Diaa Hadid Diaa Hadid chiefly covers Pakistan and Afghanistan for NPR News. She is based in NPR's bureau in Islamabad.
Diaa Hadid
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Diaa Hadid

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Diaa Hadid 2017
Alexandria Lee/NPR

Diaa Hadid

International Correspondent, Islamabad, Pakistan

Diaa Hadid chiefly covers Pakistan and Afghanistan for NPR News. She is based in NPR's bureau in Islamabad. There, Hadid and her team were awarded a Murrow in 2019 for hard news for their story on why abortion rates in Pakistan are among the highest in the world.

Hadid has also documented the culture war surrounding Valentines' Day in Pakistan, the country's love affair with Vespa scooters and the struggle of a band of women and girls to ride their bikes in public. She visited a town notorious in Pakistan for a series of child rapes and murders, and attended class with young Pakistanis racing to learn Mandarin as China's influence over the country expands.

Hadid joined NPR after reporting from the Middle East for over a decade. She worked as a correspondent for The New York Times from March 2015 to March 2017, and she was a correspondent for The Associated Press from 2006 to 2015.

Hadid documented the collapse of Gadhafi's rule in Libya from the capital, Tripoli. In Cairo's Tahrir Square, she wrote of revolutionary upheaval sweeping Egypt. She covered the violence of the Islamic State in Iraq and Syria from Baghdad, Erbil and Dohuk. From Beirut, she was the first to report on widespread malnutrition and starvation inside a besieged rebel district near Damascus. She also covered Syria's war from Damascus, Homs, Tartous and Latakia.

Her favorite stories are about people and moments that capture the complexity of the places she covers.

They include her story on a lonely-hearts club in Gaza, run by the militant Islamic group Hamas. She unraveled the mysterious murder of a militant commander, discovering that he was killed for being gay. In the West Bank, she profiled Israel's youngest prisoner, a 12-year-old Palestinian girl who got her first period while being interrogated.

In Syria, she met the last great storyteller of Damascus, whose own trajectory of loss reflected that of his country. In Libya, she profiled a synagogue that once was the beating heart of Tripoli's Jewish community.

In Baghdad, Hadid met women who risked their lives to visit beauty salons in a quiet rebellion against extremism and war. In Lebanon, she chronicled how poverty was pushing Syrian refugee women into survival sex.

Hadid documented the Muslim pilgrimage to holy sites in Saudi Arabia, known as the Hajj, using video, photographs and essays.

Hadid began her career as a reporter for The Gulf News in Dubai in 2004, covering the abuse and hardships of foreign workers in the United Arab Emirates. She was raised in Canberra by a Lebanese father and an Egyptian mother. She graduated from the Australian National University with a B.A. (with Honors) specializing in Arabic, a language she speaks fluently. She also makes do in Hebrew and Spanish.

Her passions are her daughter, photography, cooking, vintage dress shopping and listening to the radio. She sings really badly, but that won't stop her.

Meet Hadid on Twitter @diaahadid, or see her photos on Instagram. She also often posts up her work on her community Facebook page.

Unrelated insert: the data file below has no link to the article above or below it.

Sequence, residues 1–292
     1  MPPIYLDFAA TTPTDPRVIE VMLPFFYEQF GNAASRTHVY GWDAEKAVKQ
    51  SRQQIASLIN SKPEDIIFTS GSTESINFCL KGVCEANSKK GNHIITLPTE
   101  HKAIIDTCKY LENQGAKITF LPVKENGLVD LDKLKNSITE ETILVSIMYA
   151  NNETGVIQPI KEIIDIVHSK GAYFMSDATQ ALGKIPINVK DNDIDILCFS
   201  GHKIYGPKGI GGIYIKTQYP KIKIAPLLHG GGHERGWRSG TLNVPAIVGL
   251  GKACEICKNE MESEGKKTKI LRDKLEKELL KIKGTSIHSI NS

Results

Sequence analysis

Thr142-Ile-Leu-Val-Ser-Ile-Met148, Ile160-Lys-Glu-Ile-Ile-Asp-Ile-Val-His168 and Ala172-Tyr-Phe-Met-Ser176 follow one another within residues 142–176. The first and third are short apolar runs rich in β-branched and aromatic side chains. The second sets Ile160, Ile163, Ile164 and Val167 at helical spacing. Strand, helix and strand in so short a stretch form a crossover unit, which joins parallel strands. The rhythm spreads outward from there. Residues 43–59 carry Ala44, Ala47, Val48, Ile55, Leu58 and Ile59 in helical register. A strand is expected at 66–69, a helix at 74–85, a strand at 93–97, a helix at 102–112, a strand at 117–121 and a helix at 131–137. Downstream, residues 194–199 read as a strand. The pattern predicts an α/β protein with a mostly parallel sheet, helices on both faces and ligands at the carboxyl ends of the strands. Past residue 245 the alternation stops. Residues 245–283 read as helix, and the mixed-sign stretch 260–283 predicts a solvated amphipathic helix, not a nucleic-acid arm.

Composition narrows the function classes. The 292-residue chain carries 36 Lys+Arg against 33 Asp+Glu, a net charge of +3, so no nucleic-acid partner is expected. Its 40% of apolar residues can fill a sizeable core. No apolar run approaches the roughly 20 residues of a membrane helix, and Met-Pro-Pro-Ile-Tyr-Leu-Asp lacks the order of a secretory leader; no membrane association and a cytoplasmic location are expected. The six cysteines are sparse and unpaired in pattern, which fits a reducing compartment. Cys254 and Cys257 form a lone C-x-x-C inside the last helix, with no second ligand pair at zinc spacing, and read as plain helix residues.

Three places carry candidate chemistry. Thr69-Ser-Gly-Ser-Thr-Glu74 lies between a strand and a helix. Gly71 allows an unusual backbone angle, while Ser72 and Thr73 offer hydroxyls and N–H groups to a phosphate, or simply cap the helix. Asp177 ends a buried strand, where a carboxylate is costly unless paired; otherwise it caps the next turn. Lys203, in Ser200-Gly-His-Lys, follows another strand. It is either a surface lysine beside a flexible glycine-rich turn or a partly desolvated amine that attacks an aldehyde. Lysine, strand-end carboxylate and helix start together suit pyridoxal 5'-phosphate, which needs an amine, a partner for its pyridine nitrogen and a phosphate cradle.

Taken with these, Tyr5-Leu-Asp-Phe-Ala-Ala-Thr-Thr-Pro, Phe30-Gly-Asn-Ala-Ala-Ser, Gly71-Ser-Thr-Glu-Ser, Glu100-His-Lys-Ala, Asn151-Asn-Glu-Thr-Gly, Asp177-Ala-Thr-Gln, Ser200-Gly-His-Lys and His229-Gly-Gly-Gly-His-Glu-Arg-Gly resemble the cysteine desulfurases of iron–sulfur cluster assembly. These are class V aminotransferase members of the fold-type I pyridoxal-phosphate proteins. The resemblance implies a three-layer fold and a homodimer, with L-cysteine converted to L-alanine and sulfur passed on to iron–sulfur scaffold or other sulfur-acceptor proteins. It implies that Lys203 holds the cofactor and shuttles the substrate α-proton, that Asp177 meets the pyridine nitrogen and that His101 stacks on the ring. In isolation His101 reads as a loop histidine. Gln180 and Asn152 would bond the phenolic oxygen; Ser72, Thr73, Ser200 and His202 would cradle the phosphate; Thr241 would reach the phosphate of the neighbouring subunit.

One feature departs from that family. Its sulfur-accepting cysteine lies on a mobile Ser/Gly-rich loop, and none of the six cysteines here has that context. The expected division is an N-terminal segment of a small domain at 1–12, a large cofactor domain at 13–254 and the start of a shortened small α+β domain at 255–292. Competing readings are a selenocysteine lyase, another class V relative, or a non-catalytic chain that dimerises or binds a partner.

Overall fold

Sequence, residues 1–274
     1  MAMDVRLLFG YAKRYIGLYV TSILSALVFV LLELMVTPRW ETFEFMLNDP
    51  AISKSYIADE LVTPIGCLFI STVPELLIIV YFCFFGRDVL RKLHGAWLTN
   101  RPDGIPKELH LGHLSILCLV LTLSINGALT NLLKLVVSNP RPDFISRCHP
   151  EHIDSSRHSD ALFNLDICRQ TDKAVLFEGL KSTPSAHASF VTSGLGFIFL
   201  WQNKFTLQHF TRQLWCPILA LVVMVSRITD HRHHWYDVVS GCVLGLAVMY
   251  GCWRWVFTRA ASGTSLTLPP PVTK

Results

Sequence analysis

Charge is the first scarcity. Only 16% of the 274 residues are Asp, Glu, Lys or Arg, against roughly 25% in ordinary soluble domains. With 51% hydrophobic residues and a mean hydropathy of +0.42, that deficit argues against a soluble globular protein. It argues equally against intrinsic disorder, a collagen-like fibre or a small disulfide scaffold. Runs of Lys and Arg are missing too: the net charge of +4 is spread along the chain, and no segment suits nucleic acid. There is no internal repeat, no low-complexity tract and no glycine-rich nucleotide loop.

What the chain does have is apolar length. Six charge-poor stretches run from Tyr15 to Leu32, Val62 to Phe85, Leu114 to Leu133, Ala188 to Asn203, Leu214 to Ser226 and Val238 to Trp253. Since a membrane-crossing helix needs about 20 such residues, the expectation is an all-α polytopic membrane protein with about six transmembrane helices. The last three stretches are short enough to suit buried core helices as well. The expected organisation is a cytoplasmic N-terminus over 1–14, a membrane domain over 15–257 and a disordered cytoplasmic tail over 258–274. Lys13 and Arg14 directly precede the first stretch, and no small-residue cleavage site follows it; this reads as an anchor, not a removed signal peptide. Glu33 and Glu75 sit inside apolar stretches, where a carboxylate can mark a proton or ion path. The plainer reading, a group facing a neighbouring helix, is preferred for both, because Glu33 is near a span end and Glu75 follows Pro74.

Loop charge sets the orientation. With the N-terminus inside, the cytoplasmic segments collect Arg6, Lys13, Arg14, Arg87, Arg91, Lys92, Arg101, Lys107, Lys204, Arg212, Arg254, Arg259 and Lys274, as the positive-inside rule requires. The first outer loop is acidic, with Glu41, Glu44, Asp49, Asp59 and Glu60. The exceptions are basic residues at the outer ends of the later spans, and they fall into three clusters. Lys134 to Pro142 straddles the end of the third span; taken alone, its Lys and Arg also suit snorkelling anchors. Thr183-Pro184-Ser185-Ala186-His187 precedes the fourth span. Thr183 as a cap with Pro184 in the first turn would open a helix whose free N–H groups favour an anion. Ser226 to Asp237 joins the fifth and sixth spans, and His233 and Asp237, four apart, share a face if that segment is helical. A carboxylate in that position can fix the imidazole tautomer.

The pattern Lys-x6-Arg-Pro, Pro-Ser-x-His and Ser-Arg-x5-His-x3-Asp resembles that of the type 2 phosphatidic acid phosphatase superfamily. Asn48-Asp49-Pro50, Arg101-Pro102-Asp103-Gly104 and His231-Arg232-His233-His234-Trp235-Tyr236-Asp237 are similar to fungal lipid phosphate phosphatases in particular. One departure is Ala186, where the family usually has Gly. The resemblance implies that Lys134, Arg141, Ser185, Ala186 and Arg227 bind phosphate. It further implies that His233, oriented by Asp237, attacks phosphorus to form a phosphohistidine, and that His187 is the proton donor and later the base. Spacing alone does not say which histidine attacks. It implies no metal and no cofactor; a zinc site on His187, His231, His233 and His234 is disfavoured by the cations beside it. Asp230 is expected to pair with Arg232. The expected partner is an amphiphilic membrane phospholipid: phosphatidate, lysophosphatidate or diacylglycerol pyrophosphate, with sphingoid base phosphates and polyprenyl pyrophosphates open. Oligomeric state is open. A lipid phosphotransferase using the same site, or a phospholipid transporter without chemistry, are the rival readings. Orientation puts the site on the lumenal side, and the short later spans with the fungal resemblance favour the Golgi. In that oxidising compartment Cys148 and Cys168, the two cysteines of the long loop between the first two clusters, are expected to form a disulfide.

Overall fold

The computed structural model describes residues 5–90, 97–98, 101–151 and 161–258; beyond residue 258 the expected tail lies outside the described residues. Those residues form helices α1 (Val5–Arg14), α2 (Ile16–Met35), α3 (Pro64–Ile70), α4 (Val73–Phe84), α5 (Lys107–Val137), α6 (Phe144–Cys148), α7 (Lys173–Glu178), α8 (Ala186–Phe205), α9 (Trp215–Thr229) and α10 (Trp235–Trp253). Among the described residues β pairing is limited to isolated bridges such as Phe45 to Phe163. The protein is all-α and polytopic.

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Story Archive

Many Afghans approve of President Trump's decision to quash a potential deal with the Taliban. Here, security forces guard a street in Kabul last week after a suicide car bombing rocked the capital's diplomatic enclave. Sayed Khodaberdi Sadat/Anadolu Agency via Getty Images hide caption

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Sayed Khodaberdi Sadat/Anadolu Agency via Getty Images

In Afghanistan, A Mix Of Surprise And Relief After Trump Cancels Taliban Talks

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President Trump says he called off talks with the Taliban and Afghan leaders at Camp David. Above, he speaks in the White House's Roosevelt Room on Sept. 4. Chip Somodevilla/Getty Images hide caption

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Pakistan's Prime Minister Imran Khan meets U.S. Special Envoy Zalmay Khalilzad (left) in Islamabad on Aug. 1. Khalilzad met Khan ahead of peace talks in Qatar with the Taliban. Press Information Department via AP hide caption

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Press Information Department via AP

The Key Role Pakistan Is Playing In U.S.-Taliban Talks

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Pakistani Army Takes Journalists To Kashmiri Border To Highlight Work To Secure It

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Pakistan Wants The U.S. To Get Involved In The Conflict Over Kashmir

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Pakistan Tries To Stop Militants From Benefiting From Animal Hides

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Latest Round Of Negotiations End Between The U.S. And Taliban

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Pakistan Tests A Plastic Bag Ban In Islamabad

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Pakistan's Prime Minister Imran Khan (right), shown here in April, will arrive in Washington, D.C., for a three-day visit that begins on July 21. His meeting with President Trump comes at a pivotal time for Afghan peace negotiations. Pool/Getty Images hide caption

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Hoping For Improved U.S. Ties, Pakistan's Prime Minister Set To Visit White House

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